Case Study 1: Livesourcing. On 24 September 2021, we performed a 20-minute live coding telematic piece at Ear Taxi Festival, Chicago, IL, USA (see Figure 1). The piece, entitled Livesourcing: Audience Participation in a Live Coding Performance entailed a participatory remote live coding performance for audience members and two laptop performers. The performance was based on processing sound generated by crowdsourced and personal site-specific sounds from Chicago combined with the audience’s influence in real time in a free interpretation of John Cage’s A Dip in the Lake . We live-streamed the event on YouTube via OBS. A video of a rehearsal can be watched at https://youtu.be/FQXAOBvSZBk.
Case Study 2: immerse in the lake. As a follow-up of Livesourcing, on 21 November 2021, we performed a 25-minute live coding telematic piece at Jefferson Park EXP, Chicago, IL, USA (see Figure 2). The piece, entitled immerse in the lake involved a remote live coding performance for two distributed laptop performers. The performance was based on processing sound generated by crowdsourced and personal site-specific field recordings from Chicago across the four seasons of the year. Similar to the previous piece, this work was also a real-time improvisation and a free interpretation of John Cage’s A Dip in the Lake. We live-streamed the event on Twitch via OBS. The video of the performance can be watched at https://vimeo.com/649113897.
This project proposes to approach the audience as a digital musical persona (DMP). Here, a DMP is characterised as a singular identity representing a NIME, built from a collective, that can contribute to a telematic performance. A DMP that forms a reticular entity configured by anonymous audience members. This novel approach has a mutual benefit. It benefits the performers who have an integrated view of the audience, as well as the audience who can participate artistically during the performance. The reasoning behind this approach is drawn from our previous experience with participatory mobile music .
In personic, user data is collected from the geolocation and motion sensors of the participants’ mobile devices. The data are used to generate music and to provide an abstract visual representation of the participatory audience. This aims to promote a sense of community and of being part of the live event. The code has been publicly released.11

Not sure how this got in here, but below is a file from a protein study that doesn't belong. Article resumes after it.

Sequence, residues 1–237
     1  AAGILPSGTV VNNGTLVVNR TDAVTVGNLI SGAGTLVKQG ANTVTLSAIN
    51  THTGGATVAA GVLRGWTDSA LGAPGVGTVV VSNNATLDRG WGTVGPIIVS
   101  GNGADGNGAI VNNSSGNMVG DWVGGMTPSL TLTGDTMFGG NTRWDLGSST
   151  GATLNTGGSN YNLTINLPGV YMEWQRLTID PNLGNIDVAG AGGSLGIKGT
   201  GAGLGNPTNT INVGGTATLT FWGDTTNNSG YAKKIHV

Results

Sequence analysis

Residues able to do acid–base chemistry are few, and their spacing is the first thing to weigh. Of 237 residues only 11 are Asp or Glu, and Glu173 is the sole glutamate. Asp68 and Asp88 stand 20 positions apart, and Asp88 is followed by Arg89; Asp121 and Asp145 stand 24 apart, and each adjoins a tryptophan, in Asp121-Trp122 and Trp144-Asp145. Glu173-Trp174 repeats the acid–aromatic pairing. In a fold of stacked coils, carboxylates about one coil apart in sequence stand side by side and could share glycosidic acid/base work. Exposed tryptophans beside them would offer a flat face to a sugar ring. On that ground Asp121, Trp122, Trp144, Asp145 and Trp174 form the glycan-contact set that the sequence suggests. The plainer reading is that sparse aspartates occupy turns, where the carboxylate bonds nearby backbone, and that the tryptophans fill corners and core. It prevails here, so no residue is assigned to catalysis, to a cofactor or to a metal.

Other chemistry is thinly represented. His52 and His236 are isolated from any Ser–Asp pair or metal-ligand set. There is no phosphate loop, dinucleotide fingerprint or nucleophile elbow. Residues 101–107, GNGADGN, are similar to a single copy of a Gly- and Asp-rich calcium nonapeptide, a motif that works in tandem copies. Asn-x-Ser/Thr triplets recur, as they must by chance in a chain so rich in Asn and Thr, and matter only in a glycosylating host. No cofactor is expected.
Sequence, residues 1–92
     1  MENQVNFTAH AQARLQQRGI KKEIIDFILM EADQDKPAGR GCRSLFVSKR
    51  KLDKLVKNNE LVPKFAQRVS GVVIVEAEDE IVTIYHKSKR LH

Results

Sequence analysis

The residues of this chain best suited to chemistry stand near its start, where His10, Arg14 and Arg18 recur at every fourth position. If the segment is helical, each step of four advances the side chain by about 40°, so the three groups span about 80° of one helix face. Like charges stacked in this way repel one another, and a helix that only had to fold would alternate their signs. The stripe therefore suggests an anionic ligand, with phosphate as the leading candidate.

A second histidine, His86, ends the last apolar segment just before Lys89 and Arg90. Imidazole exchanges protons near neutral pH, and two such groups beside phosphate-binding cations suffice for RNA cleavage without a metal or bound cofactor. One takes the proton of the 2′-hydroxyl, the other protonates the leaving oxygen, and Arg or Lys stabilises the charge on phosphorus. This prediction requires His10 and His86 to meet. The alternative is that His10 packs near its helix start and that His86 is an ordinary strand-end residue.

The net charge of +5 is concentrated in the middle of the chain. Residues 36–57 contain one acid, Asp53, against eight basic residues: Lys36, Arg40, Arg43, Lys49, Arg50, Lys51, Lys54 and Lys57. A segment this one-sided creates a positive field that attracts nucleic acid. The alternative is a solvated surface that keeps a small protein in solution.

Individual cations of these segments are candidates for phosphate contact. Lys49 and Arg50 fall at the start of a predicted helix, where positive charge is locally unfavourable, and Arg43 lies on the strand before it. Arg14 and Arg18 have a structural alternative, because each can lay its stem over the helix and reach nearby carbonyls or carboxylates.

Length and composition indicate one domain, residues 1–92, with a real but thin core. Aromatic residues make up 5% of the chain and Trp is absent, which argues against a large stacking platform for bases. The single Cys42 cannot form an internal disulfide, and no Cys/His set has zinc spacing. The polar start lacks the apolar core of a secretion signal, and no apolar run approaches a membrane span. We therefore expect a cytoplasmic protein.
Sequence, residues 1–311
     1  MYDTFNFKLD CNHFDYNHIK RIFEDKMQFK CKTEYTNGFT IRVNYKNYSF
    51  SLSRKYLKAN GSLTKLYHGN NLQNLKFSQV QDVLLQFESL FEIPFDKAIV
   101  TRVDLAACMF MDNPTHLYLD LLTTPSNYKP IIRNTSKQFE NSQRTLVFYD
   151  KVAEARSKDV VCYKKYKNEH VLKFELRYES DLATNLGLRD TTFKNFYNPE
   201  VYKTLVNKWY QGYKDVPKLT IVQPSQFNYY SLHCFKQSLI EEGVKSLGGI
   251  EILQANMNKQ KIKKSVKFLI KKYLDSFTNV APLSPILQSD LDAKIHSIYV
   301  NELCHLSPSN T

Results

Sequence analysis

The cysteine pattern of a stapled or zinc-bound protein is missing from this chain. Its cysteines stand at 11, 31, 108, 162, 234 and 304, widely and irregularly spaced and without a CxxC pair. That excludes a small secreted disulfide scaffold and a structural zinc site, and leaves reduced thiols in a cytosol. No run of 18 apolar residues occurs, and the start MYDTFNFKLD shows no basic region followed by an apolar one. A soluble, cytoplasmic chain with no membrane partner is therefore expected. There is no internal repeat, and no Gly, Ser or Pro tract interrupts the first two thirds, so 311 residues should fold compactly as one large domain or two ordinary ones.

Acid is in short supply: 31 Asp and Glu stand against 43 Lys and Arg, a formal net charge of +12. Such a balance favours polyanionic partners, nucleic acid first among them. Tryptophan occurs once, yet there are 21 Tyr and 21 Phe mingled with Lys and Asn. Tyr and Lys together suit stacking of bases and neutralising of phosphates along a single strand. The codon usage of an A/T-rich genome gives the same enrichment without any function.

The audience can get access from their mobile devices to a hyperlink provided. The web app asks for explicit user permission to access the sensors of geolocation and motion. This assures anonymous participation with the individual’s knowledge and consent about sharing the sensor data. After the user consent, their geolocation is displayed as a bubble with a random colour in an abstract 2D map and it contributes musically to the generation of a drone soundscape. The more connections, the more bubbles on the map, which are resized to keep a consistent density. The motion data can modify subtle changes to the size and glow of the bubble assigned to a specific connection. The audiovisual map, which is displayed in the browser window of the web app, can be included in the live stream of the performance together with the shared screens of the two performers with the intention to bring more visibility of the mobile audience becoming a DMP.
The system is divided into two sensor modules, the geolocation module and the motion module. The geolocation module is the principal module and has the following sequential flowchart (Figure 3).
To keep it a simple cross-platform accessible system, we have developed a basic prototype using web standards. Figure 4 shows the system diagram and the web technologies used.
The prototype focuses on two sensor APIs: geolocation12 and device motion.13 The audio engine of this basic prototype fits well with sound-based music, drone ambient music and electroacoustic music using Tone.js , a web audio framework for interactive music. For each new connection or individual participant, the longitude and latitude are mapped to the frequency and phase of a new sine wave oscillator. The possible frequencies of the sine wave oscillators range from 20 Hz to 150 Hz while the phase, which refers to the starting position within the oscillator’s cycle, can range from 0 to 360 degrees. This mapping relates to creating a drone, atmospheric sound that can fit well with the performers’ music. At present, the drones get combined using additive synthesis. The participants can only experience the entire performance from the video streaming platform, which can be combined with the direct experience from the web app which has only the participants’ atmospheric sounds. The accelerometer data only map to the visuals, but we plan to add more variation when the audience members are located in the same or a close location.
For user testing purposes, we have implemented a simulation mode where we can test up to 100 agents to replicate a scenario of 100 audience members across the globe (see Figure 5).